Shop Girl: Relaxing for two: bellying up to my first prenatal massage
I park a few blocks from the well-manicured building and walk to the door in the sweltering heat. Just outside my destination — Spa on Penn, a sleek Westport establishment on the same block as trendy spots Port Fonda and Ça Va — a man is using a green watering can to cool a bed of flowers. In this age of automated sprinklers, I find this sight oddly charming. Then I open the door and I feel my shoulders tense. I’ve come for a 60-minute massage, but first I have to face down a familiar nemesis: spa anxiety.
Despite the calming ambient music and the refreshing aromatherapy, my brain still finds a way to work itself into a frenzy. I’m a bit neurotic, you see. And not for the first time lately, I hope that I haven’t passed this trait down to my son.
I’m expecting my first baby in mid-July, and truthfully, I’m more than a bit neurotic. So, while it’s been exciting to focus on someone other than myself for a change, I’m upset that no one told me just how weird pregnancy was going to be.
Among the unwelcome developments: In my first trimester, I developed a strong aversion to Greek yogurt. I couldn’t even look at the stuff without wanting to run out of the room. Then, during the second trimester, I felt the first gentle kicks from the avocado-sized being that was growing in my body — an alien sensation that drove me to exile my skinny jeans in favor of maternity pants and leggings. I haven’t worn anything without a broad elastic waistband since January. Actually, that’s not unwelcome at all.
Now I’m just weeks away from giving birth, and pregnancy has become not only strange but also uncomfortable. My son’s movements are more recognizably human. That is, they’re antagonistic. He’ll jab me with, I imagine, one tiny elbow in response to some motion of mine he doesn’t like, or he’ll get the hiccups while I’m lying in bed at night. As he has gained mass, I’ve picked up new back and hip pain — I grunt like a linebacker every time I get up off the couch.
Like I said, nobody told me it was all going to feel quite so odd. No one warned me that there would come a time when I wouldn’t recognize myself — not just physically but emotionally and spiritually as well.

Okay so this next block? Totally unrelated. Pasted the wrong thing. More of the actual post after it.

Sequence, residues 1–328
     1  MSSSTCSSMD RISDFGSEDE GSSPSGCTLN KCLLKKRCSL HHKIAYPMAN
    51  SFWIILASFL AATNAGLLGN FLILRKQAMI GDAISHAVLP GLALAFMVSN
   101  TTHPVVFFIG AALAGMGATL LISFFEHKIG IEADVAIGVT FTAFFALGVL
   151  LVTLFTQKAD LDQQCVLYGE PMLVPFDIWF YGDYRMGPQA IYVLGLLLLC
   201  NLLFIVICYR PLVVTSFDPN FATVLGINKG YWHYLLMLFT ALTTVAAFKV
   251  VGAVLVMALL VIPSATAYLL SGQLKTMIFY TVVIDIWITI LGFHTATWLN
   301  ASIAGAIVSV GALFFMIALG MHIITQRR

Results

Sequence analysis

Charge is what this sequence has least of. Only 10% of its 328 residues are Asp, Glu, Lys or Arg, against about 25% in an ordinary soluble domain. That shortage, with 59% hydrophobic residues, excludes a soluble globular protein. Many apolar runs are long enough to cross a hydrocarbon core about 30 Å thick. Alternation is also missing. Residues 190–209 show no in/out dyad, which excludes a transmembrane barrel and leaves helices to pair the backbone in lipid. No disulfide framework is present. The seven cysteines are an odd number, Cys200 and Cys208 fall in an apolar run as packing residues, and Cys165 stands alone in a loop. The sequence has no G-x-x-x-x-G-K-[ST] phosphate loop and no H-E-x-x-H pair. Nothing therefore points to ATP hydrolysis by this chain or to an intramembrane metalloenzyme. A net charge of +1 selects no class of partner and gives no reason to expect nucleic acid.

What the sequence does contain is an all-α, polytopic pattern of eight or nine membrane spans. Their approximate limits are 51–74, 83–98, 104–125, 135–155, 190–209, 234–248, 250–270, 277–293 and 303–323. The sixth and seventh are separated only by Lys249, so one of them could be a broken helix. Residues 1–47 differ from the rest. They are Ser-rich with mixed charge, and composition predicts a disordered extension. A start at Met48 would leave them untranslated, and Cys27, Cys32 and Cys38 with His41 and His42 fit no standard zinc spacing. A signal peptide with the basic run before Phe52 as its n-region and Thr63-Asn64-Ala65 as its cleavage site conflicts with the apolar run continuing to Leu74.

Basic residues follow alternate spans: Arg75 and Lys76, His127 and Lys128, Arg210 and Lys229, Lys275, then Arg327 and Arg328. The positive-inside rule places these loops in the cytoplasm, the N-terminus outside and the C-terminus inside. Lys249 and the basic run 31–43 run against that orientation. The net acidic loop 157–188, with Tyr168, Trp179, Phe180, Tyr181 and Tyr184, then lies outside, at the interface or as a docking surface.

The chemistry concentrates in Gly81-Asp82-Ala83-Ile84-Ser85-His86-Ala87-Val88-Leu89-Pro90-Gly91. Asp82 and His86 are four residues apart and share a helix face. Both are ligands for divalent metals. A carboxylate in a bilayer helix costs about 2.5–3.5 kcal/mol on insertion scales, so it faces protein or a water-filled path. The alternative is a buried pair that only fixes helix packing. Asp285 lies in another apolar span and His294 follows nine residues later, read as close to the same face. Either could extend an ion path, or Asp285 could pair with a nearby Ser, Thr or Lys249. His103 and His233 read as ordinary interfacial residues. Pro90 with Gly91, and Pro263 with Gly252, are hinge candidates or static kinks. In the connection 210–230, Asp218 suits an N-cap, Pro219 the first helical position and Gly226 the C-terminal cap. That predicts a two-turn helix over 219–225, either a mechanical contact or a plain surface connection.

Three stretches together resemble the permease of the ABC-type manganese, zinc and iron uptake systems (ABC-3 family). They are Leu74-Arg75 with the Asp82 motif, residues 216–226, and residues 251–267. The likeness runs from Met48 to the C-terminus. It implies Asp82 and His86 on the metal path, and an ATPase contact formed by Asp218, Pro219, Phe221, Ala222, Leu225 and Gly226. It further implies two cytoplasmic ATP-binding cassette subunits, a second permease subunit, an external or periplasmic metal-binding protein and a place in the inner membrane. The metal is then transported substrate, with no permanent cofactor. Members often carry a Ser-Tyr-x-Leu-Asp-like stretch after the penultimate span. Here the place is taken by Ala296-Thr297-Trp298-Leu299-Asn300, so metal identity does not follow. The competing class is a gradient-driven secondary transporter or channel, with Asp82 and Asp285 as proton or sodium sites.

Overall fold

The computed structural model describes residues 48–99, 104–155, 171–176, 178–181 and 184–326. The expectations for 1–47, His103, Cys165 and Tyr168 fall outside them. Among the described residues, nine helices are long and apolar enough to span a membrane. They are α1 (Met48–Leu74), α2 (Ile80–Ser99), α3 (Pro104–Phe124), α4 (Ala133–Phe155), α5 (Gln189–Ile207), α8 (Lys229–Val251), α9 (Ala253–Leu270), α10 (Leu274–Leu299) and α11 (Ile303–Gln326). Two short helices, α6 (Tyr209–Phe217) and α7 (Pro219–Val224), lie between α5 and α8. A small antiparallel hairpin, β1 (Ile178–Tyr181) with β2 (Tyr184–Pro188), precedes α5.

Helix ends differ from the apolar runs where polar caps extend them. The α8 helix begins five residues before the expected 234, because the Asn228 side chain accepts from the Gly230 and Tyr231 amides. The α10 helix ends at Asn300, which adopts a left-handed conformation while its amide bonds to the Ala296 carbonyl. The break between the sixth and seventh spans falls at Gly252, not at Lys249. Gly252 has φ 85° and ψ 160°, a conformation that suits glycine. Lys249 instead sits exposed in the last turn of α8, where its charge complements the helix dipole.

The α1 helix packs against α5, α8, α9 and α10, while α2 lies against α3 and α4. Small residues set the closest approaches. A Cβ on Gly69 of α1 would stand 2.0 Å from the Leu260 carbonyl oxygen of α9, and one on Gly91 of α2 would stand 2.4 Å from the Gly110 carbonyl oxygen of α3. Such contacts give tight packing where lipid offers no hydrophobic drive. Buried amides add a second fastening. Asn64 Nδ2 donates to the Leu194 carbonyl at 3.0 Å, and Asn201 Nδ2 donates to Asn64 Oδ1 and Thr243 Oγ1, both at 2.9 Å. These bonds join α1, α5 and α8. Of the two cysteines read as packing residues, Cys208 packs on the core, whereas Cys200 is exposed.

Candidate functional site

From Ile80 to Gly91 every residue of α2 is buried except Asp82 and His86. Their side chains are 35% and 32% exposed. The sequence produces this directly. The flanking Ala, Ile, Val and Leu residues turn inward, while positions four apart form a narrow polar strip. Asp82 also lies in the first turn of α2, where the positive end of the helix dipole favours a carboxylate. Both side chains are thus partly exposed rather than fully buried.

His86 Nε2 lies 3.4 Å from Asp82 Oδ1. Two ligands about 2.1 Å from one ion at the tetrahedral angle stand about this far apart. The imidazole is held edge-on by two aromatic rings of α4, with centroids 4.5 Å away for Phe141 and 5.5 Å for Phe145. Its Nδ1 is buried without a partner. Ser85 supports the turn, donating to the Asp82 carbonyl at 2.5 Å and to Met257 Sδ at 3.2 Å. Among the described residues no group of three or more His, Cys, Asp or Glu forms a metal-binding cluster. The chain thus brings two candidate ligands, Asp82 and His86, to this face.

Maybe a prenatal massage will help?
At first, I worry that the employees at Spa on Penn have made me as an impostor. Maybe it’s the way I cringe at the word pamper, which reminds me too much of the hundreds of diapers I’ll start changing next month. Then I worry that, rather than judging me for being reluctant to spoil myself, they’re appalled by my having booked this massage on a Monday afternoon. Shouldn’t I be at work, earning health insurance or something?
Clearly I need this massage more urgently than I thought. The French parenting book I’ve been reading clearly states that a zen maman pops out a zen bebe, but throughout this pregnancy I’ve been anything but zen. If the book’s logic holds, my child is going to have the temperament of George Costanza.
In a compact dressing room, I strip off my clothes and slip on a white bathrobe, which barely closes around my ample belly. Down the hall, the massage therapist directs me toward a dimly illuminated room and instructs me to lie on my side. After she steps out, I hang up my robe, climb under the sheets, and wrap my arms and legs around a body pillow, willing the heated massage table to melt away my anxiety.
When my massage therapist returns, she warns me that she wields “very firm pressure” and says I should let her know if her touch becomes too much. I assure her this is a good thing. Indeed, as she starts on my neck and upper back, her fingers do seem superhumanly strong, as though they’ve been reinforced with steel. The sensation is so smooth and continuous that I can’t focus on anything else, and I finally begin to relax. I feel the baby wiggle. I imagine he’s enjoying this sudden influx of endorphins as much as I am.
I’m impressed that this side-lying variation effectively covers all of the sweet spots a normal facedown massage would hit, including my thighs and lower back. Anyone who’s experienced the dull repetitiveness of a mediocre massage can really appreciate the varying pressures and techniques of a good one. This is most definitely a good one.
Soon my hour is up, and I have to step out into the bright heat again. Dazed and blinking, I’m not sure where I parked my car. Would a zen maman forget such a thing? Maybe a zen maman wouldn’t care. I don’t know, but at least the massage allowed me to pretend otherwise for a little while.